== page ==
ART-OPS-1-Cover-Logo-cb415.0By Molly Jane Kremer. A slew of all-new Vertigo comics are on their way, exciting and vibrant new titles scheduled to debut once a week throughout the next few months. The imprint that once upon a time brought us Sandman100 Bullets, and Y: The Last Man is attempting to rebuild another roster of stellar books after trimming down to a fraction of their former release output. (The last two weeks have seen compelling releases like Twilight Children and Clean Room—both ridiculously readable.) And while Vertigo is going for broke to ignite a renaissance of sorts, this week’s offering of Art Ops #1 – funnily enough, with a universally-known renaissance painting on the cover – is the weakest of the new releases so far, despite gorgeous art on its interiors.

For a comic like Art Ops, a piece of art that paradoxically hinges on famous pieces of art, the onus on Vertigo to find a truly gifted art team is paramount. Michael and Laura Allred are more than qualified to fill that particular role, recently coming off a stellar run with Dan Slott on Marvel’s Silver Surfer (pun intended) and they of course do not disappoint. The Allreds’ have an uncanny grasp of the fabulously mod, and that pop aesthetic is everywhere in this book, dominant in a way it wasn’t (and couldn’t be) on Silver Surfer. The art is lush and beautiful, with sequences you can really let yourself fall into—precisely like an affecting, stare-worthy painting.

Colorist Laura Allred makes the most out of a proliferation of drab interior and alley locations, and those scenes’ varying taupes complement and contrast the scenes where she can truly and vibrantly stretch her muscles (a posh party and pseudo-art heist both dazzle on the page). She also shines when protagonist Reggie’s (sort-of) prosthetic arm appears, made up of vividly-colored abstract-expressionistic blooples: one of the most visually intriguing aspects of the comic.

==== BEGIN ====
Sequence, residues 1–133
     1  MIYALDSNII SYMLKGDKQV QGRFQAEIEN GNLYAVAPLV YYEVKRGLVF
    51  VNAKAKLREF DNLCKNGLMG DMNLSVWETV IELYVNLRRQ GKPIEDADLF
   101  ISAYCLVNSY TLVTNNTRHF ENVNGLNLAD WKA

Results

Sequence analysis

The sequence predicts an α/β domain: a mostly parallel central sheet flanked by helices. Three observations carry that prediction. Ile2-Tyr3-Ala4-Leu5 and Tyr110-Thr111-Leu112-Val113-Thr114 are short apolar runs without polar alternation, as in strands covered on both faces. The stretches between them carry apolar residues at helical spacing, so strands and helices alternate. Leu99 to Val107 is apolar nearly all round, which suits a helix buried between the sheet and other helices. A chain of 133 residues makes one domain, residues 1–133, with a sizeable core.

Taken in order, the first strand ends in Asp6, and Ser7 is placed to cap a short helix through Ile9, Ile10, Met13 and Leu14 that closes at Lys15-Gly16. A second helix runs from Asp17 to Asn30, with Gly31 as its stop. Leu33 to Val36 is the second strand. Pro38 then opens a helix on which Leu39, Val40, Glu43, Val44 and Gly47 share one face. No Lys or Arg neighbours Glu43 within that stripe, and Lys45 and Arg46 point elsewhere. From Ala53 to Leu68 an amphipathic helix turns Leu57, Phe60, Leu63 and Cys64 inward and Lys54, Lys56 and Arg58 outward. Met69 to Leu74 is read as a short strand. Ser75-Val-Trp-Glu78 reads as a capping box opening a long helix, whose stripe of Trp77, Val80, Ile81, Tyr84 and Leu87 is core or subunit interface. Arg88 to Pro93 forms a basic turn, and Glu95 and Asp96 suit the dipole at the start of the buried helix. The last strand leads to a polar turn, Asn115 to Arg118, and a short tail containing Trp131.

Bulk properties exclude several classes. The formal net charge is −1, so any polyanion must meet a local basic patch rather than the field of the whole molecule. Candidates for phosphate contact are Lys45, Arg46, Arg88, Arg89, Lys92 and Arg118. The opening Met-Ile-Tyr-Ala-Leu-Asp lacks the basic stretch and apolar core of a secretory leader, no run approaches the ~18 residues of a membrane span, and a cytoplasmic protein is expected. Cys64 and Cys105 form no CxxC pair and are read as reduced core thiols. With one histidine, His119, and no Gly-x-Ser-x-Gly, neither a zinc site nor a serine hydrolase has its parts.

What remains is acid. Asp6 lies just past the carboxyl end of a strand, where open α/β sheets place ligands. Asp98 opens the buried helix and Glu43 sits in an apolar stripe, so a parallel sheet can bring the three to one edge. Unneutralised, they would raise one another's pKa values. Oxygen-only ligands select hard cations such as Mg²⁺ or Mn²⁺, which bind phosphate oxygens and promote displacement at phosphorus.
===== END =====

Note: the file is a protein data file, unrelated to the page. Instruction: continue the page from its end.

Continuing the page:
The writing on Art Ops does not measure up to its striking art, however. The issue’s narration becomes rather intrusive before long, especially towards the latter half of the book, while the characters and ideas set forth remain woefully unestablished (which is vital in a series’ first issue). There’s little explanation of the main concept—of art being “alive”— how it works, or how the Art Ops organization itself functions. Characterization is slight, and the only person that gets any development past one-dimensionality is Reggie, who it seems is doomed to be our brooding, reluctant hero, but instead comes off as a petulant spoiled brat. (Not exactly sympathetic, and a cliché either way.)


The female characters are there merely to motivate Reggie: he receives his magic squiggly-arm after an attack that leaves his girlfriend dead (following a three-page long development of their relationship that reads as deep as Reggie’s shallow misanthropy). His mother Regina, despite an intriguing introduction in the book’s first few pages, is almost abandoned in an immediate perspective shift to her son. The only remaining purpose she serves in the comic is to lament his absence at an awards ceremony, and then to disappear along with the rest of Art Ops—having inexplicably left instructions, in such odd circumstances, for estranged Reggie to take over.

There’s strangely very little art mentioned in the book. While the Mona Lisa gets an issues-long visual nod (which apparently continues on in the series), the only artist to get an actual namecheck is Jackson Pollock, in an all too on-the-nose reference to Reggie’s paint-gloop arm. (Oh, also Banksy gets a mention.) While built on an interesting premise and chock full of the prettiest sequentials you’ll see this week, Art Ops #1 begins with great promise, only to recede back into typicality with imprecise ideas, an uninteresting lead, and a mediocre script.

Vertigo Comics/$3.99

Written by Shaun Simon.

Art by Michael and Laura Allred.

6 out of 10